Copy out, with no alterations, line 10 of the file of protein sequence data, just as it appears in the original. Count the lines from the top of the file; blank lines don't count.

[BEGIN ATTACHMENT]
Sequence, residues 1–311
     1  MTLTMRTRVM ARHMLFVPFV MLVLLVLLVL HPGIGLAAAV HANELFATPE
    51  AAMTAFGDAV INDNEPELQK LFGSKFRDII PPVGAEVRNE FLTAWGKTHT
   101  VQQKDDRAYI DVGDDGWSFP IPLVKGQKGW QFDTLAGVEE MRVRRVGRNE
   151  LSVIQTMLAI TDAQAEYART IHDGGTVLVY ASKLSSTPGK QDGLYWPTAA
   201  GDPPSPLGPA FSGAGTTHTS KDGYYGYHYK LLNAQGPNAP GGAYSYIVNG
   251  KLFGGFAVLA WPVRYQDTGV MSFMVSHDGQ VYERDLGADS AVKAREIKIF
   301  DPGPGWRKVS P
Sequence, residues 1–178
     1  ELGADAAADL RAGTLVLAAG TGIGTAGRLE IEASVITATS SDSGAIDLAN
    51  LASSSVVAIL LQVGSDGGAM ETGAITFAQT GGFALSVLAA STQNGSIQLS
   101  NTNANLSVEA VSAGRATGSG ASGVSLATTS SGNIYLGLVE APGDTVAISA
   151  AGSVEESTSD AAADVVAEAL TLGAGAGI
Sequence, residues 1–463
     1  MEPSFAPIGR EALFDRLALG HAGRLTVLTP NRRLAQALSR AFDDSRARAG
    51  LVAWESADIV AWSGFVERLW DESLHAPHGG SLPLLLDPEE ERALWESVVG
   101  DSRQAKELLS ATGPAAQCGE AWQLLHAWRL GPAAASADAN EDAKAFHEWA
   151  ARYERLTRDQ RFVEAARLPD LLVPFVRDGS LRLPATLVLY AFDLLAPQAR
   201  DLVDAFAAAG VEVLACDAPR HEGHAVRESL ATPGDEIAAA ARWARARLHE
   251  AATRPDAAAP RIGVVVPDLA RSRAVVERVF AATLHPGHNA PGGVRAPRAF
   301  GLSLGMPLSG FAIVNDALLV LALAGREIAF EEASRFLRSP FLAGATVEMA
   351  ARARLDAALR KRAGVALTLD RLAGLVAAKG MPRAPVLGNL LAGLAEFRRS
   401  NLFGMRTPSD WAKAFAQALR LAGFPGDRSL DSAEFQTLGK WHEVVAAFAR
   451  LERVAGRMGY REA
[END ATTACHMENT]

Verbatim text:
     1  ELGADAAADL RAGTLVLAAG TGIGTAGRLE IEASVITATS SDSGAIDLAN